Thanksgiving dinner can be frustrating for accomplished cooks. Not because they lack the skill required to pull off an elaborate meal, but because they’re hindered by the expectations and traditions of others.

Though you may long to mix things up with a Yelapa-Style Sweet Corn Pie, failing to serve pumpkin pie could lead to a (small) riot. The trick is to perk up the classics, without rendering them unrecognizable to less adventurous purists. This boozy, caramelized Pumpkin Tart does just that.

The tart, which was recently featured on Instagram as part of Milk Street Pie Week, is a more refined, complex, and grown-up take on the pumpkin pie. It’s lighter, fresher, and comes together in the food processor, making it downright breezy. Milk Street’s Rosie Gill does three things to amp up the flavor in this tart (and you should too).

Caramelize the pumpkin with brown sugar

To give the tart a deeper, darker sweetness and more intense pumpkin flavor, Rosie sautés a can of pumpkin puree (not pumpkin pie filling) with dark brown sugar, to drive off excess moisture and caramelize everything.

Cloying, one-note sugar is transformed by heat. If you’ll allow me to get a little nerdy for a moment: Sucrose (the chemical name for table sugar) breaks down into fructose and sucrose, and water is driven off, leaving the two compounds to react with each other. From there, hundreds of new compounds form to create the complex, nutty-sweetness we associate with caramel, and your pumpkin tart filling is the better for it. It takes about 10 minutes, and all of two ingredients.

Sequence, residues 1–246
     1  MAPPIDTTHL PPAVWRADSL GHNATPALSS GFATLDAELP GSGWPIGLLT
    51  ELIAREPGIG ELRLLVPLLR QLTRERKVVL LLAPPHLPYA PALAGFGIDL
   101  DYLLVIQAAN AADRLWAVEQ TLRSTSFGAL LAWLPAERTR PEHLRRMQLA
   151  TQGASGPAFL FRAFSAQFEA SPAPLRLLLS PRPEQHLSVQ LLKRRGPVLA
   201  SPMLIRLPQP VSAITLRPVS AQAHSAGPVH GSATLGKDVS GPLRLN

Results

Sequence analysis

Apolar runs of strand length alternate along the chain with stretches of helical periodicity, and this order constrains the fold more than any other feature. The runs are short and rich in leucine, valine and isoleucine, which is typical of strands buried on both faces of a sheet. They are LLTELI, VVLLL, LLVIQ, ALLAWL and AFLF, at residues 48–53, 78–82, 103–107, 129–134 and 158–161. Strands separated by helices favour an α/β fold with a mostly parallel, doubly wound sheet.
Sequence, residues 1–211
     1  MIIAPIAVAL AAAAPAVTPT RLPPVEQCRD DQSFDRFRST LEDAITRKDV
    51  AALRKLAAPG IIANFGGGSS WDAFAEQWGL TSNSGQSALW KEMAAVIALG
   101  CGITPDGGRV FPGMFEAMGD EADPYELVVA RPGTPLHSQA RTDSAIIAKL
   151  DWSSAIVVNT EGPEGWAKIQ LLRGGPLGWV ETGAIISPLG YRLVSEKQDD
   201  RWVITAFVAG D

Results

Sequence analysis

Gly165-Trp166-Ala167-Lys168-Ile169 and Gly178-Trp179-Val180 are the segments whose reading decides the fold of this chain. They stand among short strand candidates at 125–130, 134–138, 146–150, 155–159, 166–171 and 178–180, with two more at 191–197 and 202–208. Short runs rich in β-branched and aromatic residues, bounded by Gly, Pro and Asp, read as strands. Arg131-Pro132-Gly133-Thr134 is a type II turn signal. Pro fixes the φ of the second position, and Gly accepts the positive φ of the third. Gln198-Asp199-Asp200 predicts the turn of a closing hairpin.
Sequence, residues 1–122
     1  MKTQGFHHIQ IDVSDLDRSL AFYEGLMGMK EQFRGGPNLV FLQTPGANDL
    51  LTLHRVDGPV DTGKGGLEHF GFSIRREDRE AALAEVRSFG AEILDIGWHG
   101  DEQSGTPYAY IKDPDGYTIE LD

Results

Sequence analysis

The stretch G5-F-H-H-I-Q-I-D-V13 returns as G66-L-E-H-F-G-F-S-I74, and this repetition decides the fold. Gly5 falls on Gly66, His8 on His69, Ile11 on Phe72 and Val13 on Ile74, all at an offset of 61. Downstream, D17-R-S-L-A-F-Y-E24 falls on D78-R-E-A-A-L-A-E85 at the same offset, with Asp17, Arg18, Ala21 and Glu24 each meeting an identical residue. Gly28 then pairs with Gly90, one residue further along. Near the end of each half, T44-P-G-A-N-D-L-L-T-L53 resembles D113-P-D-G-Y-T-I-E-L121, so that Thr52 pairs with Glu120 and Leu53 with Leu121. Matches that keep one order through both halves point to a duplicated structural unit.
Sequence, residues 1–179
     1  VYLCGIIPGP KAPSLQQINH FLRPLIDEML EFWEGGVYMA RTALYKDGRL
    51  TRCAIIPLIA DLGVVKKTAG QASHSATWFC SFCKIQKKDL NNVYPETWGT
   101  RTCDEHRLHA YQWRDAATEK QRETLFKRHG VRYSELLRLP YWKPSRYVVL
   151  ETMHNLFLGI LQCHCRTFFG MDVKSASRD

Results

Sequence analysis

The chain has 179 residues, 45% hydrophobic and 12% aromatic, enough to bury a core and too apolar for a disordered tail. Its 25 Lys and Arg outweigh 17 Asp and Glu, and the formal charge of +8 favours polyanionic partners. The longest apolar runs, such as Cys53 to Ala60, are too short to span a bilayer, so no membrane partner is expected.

Swap spices for bourbon

This is a pumpkin tart, not a pumpkin spice tart. Rosie adds complexity by deglazing the pan with bourbon (or spiced rum, if you simply must have your cinnamon and nutmeg), making sure to scrape up all of those sugary browned bits. She then adds the bourbon to the pumpkin, infusing the filling with oaky notes of vanilla and a good bit of booze. The harsh bite of the alcohol mellows in the oven, for a filling that’s complex and deeply flavorful, but doesn’t overshadow the pumpkin.

Upgrade your dairy to crème fraîche

The standard pumpkin pie recipe—the one you often find on a can of pumpkin—is made with evaporated milk, which gives the filling body, but not a ton of flavor. Crème fraîche brings both. It’s luxuriously rich and thick, with a delightful lactic tang that canned milk can’t compete with. Add a few eggs, and you’ve got a stellar five-ingredient pumpkin pie filling, ready to be baked in Chris Kimball’s perfect Single-Crust Pie Dough.

Think outside the tart shell

Any filling that doesn’t make it into the tart shell can be baked off in ramekins, but there’s nothing stopping you from skipping the shell entirely and serving individual custards.

If you have leftover caramelized puree, great; it can be transformed into a spread. Mix it with with an equal amount of softened mascarpone or cream cheese in a blender or food processor (along with a pinch of salt), then spread it on a piece of buttered toast. It’s not exactly eating pie for breakfast, but it’s close.

For more Milk Street Pie Week content, check out the 12 Thanksgiving Pies That Will Upstage the Turkey; Watch Milk Street TV’s Rose Hattabaugh make a caramelized banana custard pie from Yelapa; Learn Chris’ rules for better apple pie; Make post-Thanksgiving hand pies with Stacey Mei Yan Fong; Feast your eyes on our gorgeous French Walnut Tart; And learn this game-changing tip for avoiding burnt pie crusts with Denise Marchessault.

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